Ireland finished with a flourish in the Aviva last night, as a much improved second-half performance meant first international goals for the Cork duo of Alan Browne and Kevin Long, along with one on his debut for striker James Collins, delivered a 3-1 win over a Bulgarian side whose only answer on the night came from the penalty spot.
As Mick McCarthy had flagged before kick-off, Aston Villa midfielder Conor Hourihane was deployed at left-back amid otherwise wholesale changes in personnel from the side which drew with Switzerland last Thursday.
Along with Bournemouth ’keeper Mark Travers and Charlton midfielder Josh Cullen making their debuts and John Egan being honoured with the captain’s armband on his fifth cap, there were also starts for Cyrus Christie, Kevin Long, Alan Browne, Ronan Curtis, Alan Judge, Callum O’Dowda and, upfront, Scott Hogan.
Ireland have now twice pulled the fat from the fire through late equalisers in Euro 2020 qualifying — away to Denmark and at home to Switzerland — evidence of a collective spirit and resiliencenot towhose importance can never be underestimated.
But if they are to take the full points from the game away to Georgia next month and put themselves in a strong position for the crunch assignment which follows in Geneva, then McCarthy’s men are going to have to find a way to impose themselves on the opposition in Tbilisi in the way that they did against the same opponents in Dublin, but which they struggled to replicate against the group’s top seeds.
Last night’s game, played in front of a half-empty Aviva and contested at the outset by what was effectively an Ireland B team and a re-jigged version of a Bulgarian side rooted to the bottom of their own qualifying group, was always going to be about as far from a dress rehearsal for the crunch tests to come as you could get — and that was even before Troy Parrot and the rest of Stephen Kenny’s U21s stole the night’s thunder with their magnificent come-from-behind victory in Sweden.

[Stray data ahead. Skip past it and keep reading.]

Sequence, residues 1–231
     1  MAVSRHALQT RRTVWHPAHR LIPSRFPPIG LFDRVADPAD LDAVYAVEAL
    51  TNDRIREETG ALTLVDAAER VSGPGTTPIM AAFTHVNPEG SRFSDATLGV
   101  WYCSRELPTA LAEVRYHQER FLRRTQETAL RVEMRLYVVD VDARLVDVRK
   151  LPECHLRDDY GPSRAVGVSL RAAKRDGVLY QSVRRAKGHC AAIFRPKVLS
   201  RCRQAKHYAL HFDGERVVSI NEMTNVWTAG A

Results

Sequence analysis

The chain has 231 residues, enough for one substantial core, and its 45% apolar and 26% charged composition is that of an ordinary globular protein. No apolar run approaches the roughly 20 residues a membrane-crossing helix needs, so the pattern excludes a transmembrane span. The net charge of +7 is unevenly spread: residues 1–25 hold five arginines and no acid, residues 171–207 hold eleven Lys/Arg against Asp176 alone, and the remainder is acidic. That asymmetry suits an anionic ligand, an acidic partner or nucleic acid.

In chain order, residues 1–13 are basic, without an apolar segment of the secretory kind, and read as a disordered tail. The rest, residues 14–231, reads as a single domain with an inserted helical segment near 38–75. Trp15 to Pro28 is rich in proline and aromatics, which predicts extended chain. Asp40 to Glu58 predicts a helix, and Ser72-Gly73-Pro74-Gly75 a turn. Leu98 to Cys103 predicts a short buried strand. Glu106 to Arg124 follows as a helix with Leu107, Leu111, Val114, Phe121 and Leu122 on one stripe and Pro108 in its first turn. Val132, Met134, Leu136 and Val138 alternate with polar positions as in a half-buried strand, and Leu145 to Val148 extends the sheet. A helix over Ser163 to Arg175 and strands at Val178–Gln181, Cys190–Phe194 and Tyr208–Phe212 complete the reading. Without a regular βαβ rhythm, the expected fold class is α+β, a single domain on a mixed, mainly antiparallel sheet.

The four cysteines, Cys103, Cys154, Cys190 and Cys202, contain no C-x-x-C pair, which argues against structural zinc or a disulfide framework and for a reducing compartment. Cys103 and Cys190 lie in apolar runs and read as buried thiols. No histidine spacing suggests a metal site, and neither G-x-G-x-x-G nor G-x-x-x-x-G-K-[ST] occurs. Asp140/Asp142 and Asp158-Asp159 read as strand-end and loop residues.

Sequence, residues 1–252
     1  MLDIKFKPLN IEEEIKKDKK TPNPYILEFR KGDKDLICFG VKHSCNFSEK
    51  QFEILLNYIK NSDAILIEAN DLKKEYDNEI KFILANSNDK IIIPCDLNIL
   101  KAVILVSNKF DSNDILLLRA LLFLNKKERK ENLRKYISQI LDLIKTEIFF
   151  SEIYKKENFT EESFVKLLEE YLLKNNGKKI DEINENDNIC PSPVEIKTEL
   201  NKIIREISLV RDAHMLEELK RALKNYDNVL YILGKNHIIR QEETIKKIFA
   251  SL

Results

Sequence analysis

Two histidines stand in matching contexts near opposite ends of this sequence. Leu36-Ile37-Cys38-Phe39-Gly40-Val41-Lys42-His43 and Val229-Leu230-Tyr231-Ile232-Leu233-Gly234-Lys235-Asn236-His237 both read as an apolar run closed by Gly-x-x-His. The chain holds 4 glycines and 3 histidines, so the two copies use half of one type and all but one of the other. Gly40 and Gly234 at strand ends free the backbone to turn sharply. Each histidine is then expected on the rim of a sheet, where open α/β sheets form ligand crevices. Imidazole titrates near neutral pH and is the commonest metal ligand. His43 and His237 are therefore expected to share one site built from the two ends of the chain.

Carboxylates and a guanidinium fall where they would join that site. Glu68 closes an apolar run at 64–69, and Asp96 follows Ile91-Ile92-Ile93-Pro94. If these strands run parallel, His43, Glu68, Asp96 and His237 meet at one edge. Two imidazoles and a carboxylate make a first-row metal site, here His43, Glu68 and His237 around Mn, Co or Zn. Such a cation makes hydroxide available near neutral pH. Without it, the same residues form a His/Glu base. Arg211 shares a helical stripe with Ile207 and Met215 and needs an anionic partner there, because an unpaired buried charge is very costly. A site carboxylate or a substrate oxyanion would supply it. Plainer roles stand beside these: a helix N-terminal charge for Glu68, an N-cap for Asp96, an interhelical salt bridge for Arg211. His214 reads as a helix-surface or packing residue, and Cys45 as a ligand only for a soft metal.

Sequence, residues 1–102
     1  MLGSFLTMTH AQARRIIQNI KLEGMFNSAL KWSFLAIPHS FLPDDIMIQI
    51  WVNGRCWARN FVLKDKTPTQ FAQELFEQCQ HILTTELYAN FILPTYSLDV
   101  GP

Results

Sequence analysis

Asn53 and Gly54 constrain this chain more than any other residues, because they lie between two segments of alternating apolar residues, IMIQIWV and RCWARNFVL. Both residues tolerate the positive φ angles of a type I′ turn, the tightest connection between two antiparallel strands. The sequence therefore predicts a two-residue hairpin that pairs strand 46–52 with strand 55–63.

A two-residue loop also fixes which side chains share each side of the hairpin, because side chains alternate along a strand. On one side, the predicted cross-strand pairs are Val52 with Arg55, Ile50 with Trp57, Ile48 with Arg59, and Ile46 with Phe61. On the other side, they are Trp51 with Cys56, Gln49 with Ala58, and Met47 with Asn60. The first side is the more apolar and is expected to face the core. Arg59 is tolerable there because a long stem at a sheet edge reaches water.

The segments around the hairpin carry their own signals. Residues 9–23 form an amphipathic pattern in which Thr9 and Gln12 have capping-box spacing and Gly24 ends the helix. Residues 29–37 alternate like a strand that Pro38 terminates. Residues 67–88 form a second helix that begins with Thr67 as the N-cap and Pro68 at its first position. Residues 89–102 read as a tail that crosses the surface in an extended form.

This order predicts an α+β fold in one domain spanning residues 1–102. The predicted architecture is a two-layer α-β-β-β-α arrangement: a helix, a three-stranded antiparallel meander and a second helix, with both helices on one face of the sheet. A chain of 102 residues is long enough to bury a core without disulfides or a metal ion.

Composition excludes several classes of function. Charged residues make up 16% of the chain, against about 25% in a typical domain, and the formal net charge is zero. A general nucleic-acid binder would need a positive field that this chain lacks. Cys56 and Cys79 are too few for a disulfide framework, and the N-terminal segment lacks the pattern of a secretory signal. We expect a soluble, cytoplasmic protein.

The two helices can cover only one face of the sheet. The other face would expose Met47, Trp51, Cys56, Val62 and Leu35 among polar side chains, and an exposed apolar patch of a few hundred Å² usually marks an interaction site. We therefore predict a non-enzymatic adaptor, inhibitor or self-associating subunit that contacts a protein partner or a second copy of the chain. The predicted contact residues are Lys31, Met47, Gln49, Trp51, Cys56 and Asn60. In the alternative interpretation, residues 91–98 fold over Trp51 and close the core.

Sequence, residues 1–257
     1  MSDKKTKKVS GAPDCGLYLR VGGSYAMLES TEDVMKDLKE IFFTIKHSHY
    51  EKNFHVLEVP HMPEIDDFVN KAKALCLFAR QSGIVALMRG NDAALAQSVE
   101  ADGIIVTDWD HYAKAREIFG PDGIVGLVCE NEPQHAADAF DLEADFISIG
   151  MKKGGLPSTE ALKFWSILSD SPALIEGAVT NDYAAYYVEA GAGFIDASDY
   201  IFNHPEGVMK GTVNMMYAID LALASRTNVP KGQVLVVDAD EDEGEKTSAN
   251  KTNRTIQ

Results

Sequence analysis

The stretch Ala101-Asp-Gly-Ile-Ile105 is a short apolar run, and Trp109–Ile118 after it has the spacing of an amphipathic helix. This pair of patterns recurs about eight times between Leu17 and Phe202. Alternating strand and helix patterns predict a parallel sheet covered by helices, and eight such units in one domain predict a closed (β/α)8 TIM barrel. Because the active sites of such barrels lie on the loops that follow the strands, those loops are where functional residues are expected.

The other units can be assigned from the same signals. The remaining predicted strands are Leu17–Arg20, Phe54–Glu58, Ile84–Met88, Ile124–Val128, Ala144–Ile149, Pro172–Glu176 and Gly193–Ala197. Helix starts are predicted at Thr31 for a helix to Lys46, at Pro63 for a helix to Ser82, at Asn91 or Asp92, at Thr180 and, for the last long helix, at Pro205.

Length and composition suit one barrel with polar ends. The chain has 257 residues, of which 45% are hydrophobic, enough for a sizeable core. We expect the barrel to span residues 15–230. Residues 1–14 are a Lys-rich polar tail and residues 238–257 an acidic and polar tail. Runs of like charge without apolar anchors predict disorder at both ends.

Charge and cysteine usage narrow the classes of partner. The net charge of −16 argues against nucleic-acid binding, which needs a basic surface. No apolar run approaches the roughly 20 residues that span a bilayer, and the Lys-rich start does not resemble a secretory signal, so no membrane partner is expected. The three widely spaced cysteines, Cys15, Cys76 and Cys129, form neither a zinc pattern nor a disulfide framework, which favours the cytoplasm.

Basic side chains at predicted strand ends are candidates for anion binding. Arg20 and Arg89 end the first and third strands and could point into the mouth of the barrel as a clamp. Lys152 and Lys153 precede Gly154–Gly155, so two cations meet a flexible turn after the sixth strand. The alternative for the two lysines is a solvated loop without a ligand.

Still, for the Irish seniors called into action, no game in the green shirt can ever be considered anything less than an honour, as well as an opportunity and, certainly, all 10 of the outfield players who started couldn’t complain about lacking time on the ball to show what they could do, as the visitors mainly sat deep from the first whistle and invited the home side to try to break them down.
But though Ireland enjoyed an abundance of possession —with Hourihane and Christie afforded the space to receive the ball high up the pitch — the team were wasteful with it, their final ball repeatedly letting them down. The predictable result was that they almost entirely failed to trouble Bulgarian goalkeeper Hristo Ivanov, a very mature debutant at the age of 37, in what proved to be a decidedly flat and all-too-friendly first half.
The visitors, on their occasional forays forward in the first 45, had shown they were capable of causing a couple of nervy moments for the Irish defence and, soon after the restart, the Leeside centre-half pairing of John Egan and Kevin Long were called on to make back-to-back blocks to protect Travers.
But then, suddenly, in the 55th minute, another Corkman found himself celebrating at the other end of the pitch, Alan Browne scoring his first goal for his country with an unmissable tap-in after Ivanov could only parry Ronan Curtis’ drive and, reacting quickly and cleverly, Scott Hogan was able to put the rebound on a plate for the Preston midfielder.
But the boost to the Aviva atmosphere was quickly punctured as an unforced error by Christie put his defence under needless pressure, and when Egan fouled Goronov in the box, the referee had no hesitation in pointing to the spot.
Up stepped substitute Ivelin Popov to do the needful and emphatically level the game at 1-1.
With James McClean on for Hourihane — who had been largely anonymous as an experimental left-back — and Josh Cullen an always industrious presence, there was a fresh injection of pace and purpose into the Irish attack.
Yet, when the lead arrived again in the 83rd minute, it came from a familiar source, as a defender rose to head home a set-piece.
This time it was a corner superbly delivered by Jack Byrne — who was thoroughly impressive after coming off the bench — with Kevin Long rising to convert at the far post for his first international goal.And then, just three minutes later, came something rather more unexpected, but no less welcome, as an Irish striker found the back of the net — and on his debut to boot.
Luton’s James Collins was the man taking his club form onto the international stage, stretching to connect with Enda Stevens’ cross and putting the seal on a 3-1 win.
REPUBLIC OF IRELAND: Travers (O’Hara 75), Christie, Egan, Long, Hourihane (McClean 69), Cullen, Browne, Curtis (Hendrick 84), Judge (Byrne 59) O’Dowda (Stevens 75), Hogan (Collins 59)
BULGARIA: Ivanov, Goranov, Nedyalkov (Bozhikov 59), K Dimitrov (Iliev 80), Pashov, Slavchev, Mladenov (Despodov 68), Milanov (Popov 45), Malinov (Terziev 80), N Dimitrov (Wanderson 59), Kraev
Referee: Tobias Welz (Germany)